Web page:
“Do not place unnecessary emphasis on personal characteristics, including race, ethnicity, nationality, gender, age, sexual orientation, family relationships, religious belief, or physical or intellectual disability” (MEAA 2020). Hindus drinking cow urine for “protection” against COVID-19 may satisfy the news value of unusualness but will reporting it contribute to religious animosity or ridicule (PTI, 2020)? Resist the urge to ridicule people in a time of ignorance, uncertainty and wilful misinformation (Suarez 2020). Reject racism (Mulcahey 2020; Suarez 2020).
Keep abreast of the stage Australia is at: when there was no evidence of community transmission and cases were coming from overseas the quiet and all too invisible work of contact tracing was the logical and effective response. The same goes for the school closures – closing the school over a weekend (Epping) created the time needed to trace the contacts and ask those people to self-isolate. Reopening schools is a challenge at least in part because of the widespread fears that have been whipped up. The tragedies in Italy made for compelling reading but Australia is not in that position. Is this “distorting emphasis” (MEAA 2020; Suarez 2020)? The general advice to the community (wash hands, avoid physical contact, practise social distancing, stay home if you’re ill or have been in close contact with someone diagnosed with COVID-19, etc.) remains stable, what changes are the levels of closures, travel bans, etc. Proposals to track people’s contacts via their mobile phones have received a certain amount of media scrutiny, but key questions remain about the process followed by government in choosing one app over another and about data security, app ownership, access by non-health authorities and whether promises to keep it an “opt-in” system are maintained.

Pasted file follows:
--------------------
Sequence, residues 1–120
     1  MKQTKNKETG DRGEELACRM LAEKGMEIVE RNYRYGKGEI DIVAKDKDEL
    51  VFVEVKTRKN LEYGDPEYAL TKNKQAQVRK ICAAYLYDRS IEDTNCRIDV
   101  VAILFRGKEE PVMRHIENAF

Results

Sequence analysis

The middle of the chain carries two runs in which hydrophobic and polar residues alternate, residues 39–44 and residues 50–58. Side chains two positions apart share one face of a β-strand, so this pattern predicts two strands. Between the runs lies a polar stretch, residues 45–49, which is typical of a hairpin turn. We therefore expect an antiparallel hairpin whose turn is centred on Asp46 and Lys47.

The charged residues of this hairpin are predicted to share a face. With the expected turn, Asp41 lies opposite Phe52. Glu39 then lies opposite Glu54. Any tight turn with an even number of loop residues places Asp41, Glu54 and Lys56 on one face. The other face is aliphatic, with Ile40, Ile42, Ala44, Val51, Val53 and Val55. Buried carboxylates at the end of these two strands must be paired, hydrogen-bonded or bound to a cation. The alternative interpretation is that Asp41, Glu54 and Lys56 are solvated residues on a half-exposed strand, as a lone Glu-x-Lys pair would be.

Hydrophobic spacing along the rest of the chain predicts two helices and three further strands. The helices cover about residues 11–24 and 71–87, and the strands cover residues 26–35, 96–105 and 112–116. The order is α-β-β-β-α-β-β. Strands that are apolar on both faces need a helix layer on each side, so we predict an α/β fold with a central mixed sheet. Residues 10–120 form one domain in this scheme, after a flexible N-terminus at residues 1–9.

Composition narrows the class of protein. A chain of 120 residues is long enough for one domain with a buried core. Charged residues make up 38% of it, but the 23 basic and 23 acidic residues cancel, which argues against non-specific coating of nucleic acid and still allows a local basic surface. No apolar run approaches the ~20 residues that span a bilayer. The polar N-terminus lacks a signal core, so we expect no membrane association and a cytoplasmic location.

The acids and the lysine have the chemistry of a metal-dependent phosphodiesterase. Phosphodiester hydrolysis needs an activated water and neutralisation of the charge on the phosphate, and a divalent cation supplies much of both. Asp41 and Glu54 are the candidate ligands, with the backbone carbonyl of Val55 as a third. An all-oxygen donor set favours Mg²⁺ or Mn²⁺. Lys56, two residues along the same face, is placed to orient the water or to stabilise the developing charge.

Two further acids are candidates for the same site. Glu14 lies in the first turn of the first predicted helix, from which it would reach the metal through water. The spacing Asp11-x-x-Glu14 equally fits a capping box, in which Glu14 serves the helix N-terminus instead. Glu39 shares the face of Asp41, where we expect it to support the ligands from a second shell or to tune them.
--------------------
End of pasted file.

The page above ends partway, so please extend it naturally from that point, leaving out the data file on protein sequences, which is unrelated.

A key challenge is fighting misinformation (Brennan et al. 2020; Chowdhury 2020; Suarez 2020) and the International Fact-Checking Network is hard at work counteracting the “infodemic” (Poynter, 2020; Chowdhury, 2020). Resist the urge to replicate false information such as conspiracy theories that SARS-CoV-2 is a Chinese bioweapon (Kasprak 2020) or a US disease brought to China (Sherwell 2020). Three pieces of misinformation are persisting: linking COVID-19 to 5G networks, drinking hot water as a preventive, and various garlic preparations as a preventive (Tardáguila, 2020). All false. Looking for tools for verification? Try First Draft (First Draft, 2020) and draw on Hermida (2015) and Kovach and Rosenstiel (2011) who advise us to ask: What type of content is this? Who and what are the sources cited? How would they know? What evidence is presented and how was it vetted? Does the evidence support the interpretation? What’s missing?
To find out what happens next in coronavirus journalism, keep an eye on the upcoming study by Posetti and Bell (ICFJ, 2020) and the many other research projects evolving as I write. Meanwhile, stay safe with tips from Chowdhury (2020).
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Main image by Chad Davis, Flickr.